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Bone mineral density and its determinants in men with opioid dependence

Overview of attention for article published in Journal of Bone & Mineral Metabolism, January 2016
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About this Attention Score

  • Above-average Attention Score compared to outputs of the same age (59th percentile)
  • High Attention Score compared to outputs of the same age and source (92nd percentile)

Mentioned by

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3 tweeters
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1 Google+ user

Citations

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14 Dimensions

Readers on

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28 Mendeley
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Title
Bone mineral density and its determinants in men with opioid dependence
Published in
Journal of Bone & Mineral Metabolism, January 2016
DOI 10.1007/s00774-015-0732-9
Pubmed ID
Authors

Frank Gotthardt, Christine Huber, Clara Thierfelder, Leticia Grize, Marius Kraenzlin, Claude Scheidegger, Christian Meier

Abstract

Data on the influence of opioid substitution therapy (OST) on skeletal health in men is limited. This cross-sectional study aimed to determine the prevalence of low bone mass in male drug users and to evaluate the relationship between endogenous testosterone and bone mass. We recruited 144 men on long-term opioid maintenance therapy followed in the Center of Addiction Medicine in Basel, Switzerland. Data on medical and drug history, fracture risk and history of falls were collected. Bone mineral density (BMD) was evaluated by densitometry and serum was collected for measurements of gonadal hormones and bone markers. 35 healthy age- and BMI-matched men served as the control group. The study participants received OST with methadone (69 %), morphine (25 %) or buprenorphine (6 %). Overall, 74.3 % of men had low bone mass, with comparable bone mass irrespective of OST type. In older men (≥40 years, n = 106), 29.2 % of individuals were osteoporotic (mean T-score -3.0 ± 0.4 SD) and 48.1 % were diagnosed with osteopenia (mean T-score -1.7 ± 0.4 SD). In younger men (n = 38), 65.8 % of men had low bone mass. In all age groups, BMD was significantly lower than in age-and BMI-matched controls. In multivariate analyses, serum free testosterone (fT) was significantly associated with low BMD at the lumbar spine (p = 0.02), but not at the hip. When analysed by quartiles of fT, lumbar spine BMD decreased progressively with decreasing testosterone levels. We conclude that low bone mass is highly prevalent in middle-aged men on long-term opioid dependency, a finding which may partly be determined by partial androgen deficiency.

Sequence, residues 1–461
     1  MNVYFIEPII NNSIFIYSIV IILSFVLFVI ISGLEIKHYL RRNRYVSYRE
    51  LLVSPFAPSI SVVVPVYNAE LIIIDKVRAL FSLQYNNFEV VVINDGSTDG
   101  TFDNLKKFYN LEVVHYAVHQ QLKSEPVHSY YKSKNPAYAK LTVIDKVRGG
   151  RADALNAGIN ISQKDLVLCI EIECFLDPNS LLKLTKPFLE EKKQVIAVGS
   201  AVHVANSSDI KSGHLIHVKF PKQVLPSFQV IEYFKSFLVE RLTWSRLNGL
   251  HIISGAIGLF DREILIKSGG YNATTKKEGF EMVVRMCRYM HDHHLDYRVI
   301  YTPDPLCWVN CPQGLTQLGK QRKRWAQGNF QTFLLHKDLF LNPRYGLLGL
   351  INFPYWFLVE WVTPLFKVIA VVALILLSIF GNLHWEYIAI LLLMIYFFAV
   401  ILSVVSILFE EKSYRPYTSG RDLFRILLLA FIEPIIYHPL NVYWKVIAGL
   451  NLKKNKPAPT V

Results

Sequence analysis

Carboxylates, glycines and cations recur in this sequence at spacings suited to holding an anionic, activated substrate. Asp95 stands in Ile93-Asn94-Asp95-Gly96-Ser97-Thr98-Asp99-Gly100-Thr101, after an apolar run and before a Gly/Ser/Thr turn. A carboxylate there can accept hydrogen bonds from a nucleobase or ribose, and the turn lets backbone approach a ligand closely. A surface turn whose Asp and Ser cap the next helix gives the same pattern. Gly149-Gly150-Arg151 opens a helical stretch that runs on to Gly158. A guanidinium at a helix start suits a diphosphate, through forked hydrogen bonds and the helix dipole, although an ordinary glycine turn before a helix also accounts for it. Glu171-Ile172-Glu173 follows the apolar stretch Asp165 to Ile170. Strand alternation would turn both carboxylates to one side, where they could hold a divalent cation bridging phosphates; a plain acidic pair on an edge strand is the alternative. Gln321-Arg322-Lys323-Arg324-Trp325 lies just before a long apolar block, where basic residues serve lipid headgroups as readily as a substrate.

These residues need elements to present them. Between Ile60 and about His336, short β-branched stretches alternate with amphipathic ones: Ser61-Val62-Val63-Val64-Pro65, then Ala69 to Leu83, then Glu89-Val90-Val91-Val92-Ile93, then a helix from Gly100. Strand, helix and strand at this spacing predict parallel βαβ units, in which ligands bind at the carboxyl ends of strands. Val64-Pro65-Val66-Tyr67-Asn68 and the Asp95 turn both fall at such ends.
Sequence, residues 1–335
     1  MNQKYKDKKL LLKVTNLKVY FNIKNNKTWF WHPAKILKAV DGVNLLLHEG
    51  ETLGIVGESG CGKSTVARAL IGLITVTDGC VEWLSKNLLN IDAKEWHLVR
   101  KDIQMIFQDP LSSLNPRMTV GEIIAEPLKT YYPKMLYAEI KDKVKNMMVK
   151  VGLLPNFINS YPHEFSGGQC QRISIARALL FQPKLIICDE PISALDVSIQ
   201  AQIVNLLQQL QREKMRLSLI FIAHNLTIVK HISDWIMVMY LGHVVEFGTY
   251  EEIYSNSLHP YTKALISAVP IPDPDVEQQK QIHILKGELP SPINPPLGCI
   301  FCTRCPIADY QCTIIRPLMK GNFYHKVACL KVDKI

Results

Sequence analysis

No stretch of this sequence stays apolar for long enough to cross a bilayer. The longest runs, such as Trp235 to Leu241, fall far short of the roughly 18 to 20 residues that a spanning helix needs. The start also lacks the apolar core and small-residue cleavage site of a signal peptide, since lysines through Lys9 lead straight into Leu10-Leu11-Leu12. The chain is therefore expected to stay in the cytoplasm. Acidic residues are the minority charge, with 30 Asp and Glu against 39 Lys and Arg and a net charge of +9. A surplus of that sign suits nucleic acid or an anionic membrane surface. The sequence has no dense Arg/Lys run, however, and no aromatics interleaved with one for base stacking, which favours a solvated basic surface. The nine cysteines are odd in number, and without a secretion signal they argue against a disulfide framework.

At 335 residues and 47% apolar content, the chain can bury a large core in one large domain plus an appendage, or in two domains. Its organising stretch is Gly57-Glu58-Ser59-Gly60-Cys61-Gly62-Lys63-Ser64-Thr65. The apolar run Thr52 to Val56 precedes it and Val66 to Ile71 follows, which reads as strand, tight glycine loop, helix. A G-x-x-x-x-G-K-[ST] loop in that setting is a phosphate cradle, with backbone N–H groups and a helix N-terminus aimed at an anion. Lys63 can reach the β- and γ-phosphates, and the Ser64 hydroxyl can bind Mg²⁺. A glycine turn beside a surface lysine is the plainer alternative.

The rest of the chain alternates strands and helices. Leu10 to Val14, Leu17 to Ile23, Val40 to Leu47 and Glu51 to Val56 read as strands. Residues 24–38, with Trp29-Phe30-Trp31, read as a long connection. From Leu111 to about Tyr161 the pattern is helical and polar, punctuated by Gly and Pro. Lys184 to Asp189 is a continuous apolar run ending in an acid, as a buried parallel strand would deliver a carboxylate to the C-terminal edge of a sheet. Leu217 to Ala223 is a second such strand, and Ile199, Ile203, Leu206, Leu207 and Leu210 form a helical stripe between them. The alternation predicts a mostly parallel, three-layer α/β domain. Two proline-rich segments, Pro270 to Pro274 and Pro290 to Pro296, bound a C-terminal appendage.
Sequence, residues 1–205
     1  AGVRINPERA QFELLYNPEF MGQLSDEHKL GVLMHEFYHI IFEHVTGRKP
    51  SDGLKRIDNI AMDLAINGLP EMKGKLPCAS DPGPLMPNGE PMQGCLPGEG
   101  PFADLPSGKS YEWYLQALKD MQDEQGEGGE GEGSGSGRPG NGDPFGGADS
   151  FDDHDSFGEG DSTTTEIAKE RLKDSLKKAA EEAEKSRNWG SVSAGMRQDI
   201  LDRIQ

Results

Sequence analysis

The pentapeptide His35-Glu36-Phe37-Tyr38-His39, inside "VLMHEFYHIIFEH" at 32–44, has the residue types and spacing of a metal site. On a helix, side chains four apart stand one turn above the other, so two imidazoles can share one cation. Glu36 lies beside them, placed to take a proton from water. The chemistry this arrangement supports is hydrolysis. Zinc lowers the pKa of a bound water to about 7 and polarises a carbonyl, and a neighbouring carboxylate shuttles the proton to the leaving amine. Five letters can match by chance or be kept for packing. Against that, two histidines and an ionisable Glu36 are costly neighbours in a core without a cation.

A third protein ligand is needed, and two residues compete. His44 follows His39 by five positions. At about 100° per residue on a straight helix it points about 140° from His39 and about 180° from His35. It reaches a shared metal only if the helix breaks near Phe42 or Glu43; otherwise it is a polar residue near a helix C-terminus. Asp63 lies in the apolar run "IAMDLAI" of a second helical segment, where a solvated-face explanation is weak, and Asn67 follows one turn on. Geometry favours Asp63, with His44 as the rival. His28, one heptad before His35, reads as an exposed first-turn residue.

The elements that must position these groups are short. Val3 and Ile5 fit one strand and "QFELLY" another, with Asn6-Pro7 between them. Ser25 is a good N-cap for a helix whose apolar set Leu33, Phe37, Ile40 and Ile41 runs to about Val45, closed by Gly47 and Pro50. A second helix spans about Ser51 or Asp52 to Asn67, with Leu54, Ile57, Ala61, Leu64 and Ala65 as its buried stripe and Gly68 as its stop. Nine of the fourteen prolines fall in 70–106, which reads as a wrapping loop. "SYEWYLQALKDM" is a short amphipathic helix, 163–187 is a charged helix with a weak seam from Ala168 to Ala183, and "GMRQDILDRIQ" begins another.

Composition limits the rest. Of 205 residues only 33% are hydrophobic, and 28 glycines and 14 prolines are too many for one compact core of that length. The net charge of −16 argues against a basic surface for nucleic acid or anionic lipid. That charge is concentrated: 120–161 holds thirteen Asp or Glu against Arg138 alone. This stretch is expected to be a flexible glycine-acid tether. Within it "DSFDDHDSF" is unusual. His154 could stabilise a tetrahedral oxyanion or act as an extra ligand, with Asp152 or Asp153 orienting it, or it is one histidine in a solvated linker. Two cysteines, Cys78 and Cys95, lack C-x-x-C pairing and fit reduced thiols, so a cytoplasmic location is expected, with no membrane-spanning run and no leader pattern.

Twitter Demographics

The data shown below were collected from the profiles of 3 tweeters who shared this research output. Click here to find out more about how the information was compiled.

Mendeley readers

The data shown below were compiled from readership statistics for 28 Mendeley readers of this research output. Click here to see the associated Mendeley record.

Geographical breakdown

Country Count As %
Unknown 28 100%

Demographic breakdown

Readers by professional status Count As %
Unspecified 5 18%
Student > Doctoral Student 5 18%
Student > Ph. D. Student 4 14%
Student > Master 4 14%
Researcher 3 11%
Other 7 25%
Readers by discipline Count As %
Medicine and Dentistry 14 50%
Unspecified 4 14%
Nursing and Health Professions 3 11%
Business, Management and Accounting 2 7%
Agricultural and Biological Sciences 1 4%
Other 4 14%

Attention Score in Context

This research output has an Altmetric Attention Score of 2. This is our high-level measure of the quality and quantity of online attention that it has received. This Attention Score, as well as the ranking and number of research outputs shown below, was calculated when the research output was last mentioned on 10 January 2016.
All research outputs
#6,597,565
of 12,223,436 outputs
Outputs from Journal of Bone & Mineral Metabolism
#184
of 517 outputs
Outputs of similar age
#129,903
of 333,528 outputs
Outputs of similar age from Journal of Bone & Mineral Metabolism
#2
of 27 outputs
Altmetric has tracked 12,223,436 research outputs across all sources so far. This one is in the 44th percentile – i.e., 44% of other outputs scored the same or lower than it.
So far Altmetric has tracked 517 research outputs from this source. They receive a mean Attention Score of 2.3. This one has gotten more attention than average, scoring higher than 63% of its peers.
Older research outputs will score higher simply because they've had more time to accumulate mentions. To account for age we can compare this Altmetric Attention Score to the 333,528 tracked outputs that were published within six weeks on either side of this one in any source. This one has gotten more attention than average, scoring higher than 59% of its contemporaries.
We're also able to compare this research output to 27 others from the same source and published within six weeks on either side of this one. This one has done particularly well, scoring higher than 92% of its contemporaries.